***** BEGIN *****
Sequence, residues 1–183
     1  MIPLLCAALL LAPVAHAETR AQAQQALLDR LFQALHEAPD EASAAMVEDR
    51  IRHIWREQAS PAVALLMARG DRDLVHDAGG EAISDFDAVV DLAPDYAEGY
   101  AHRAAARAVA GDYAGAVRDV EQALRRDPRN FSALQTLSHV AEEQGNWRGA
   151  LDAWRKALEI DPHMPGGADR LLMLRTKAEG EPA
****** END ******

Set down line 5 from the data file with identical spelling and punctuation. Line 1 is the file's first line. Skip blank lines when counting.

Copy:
   151  LDAWRKALEI DPHMPGGADR LLMLRTKAEG EPA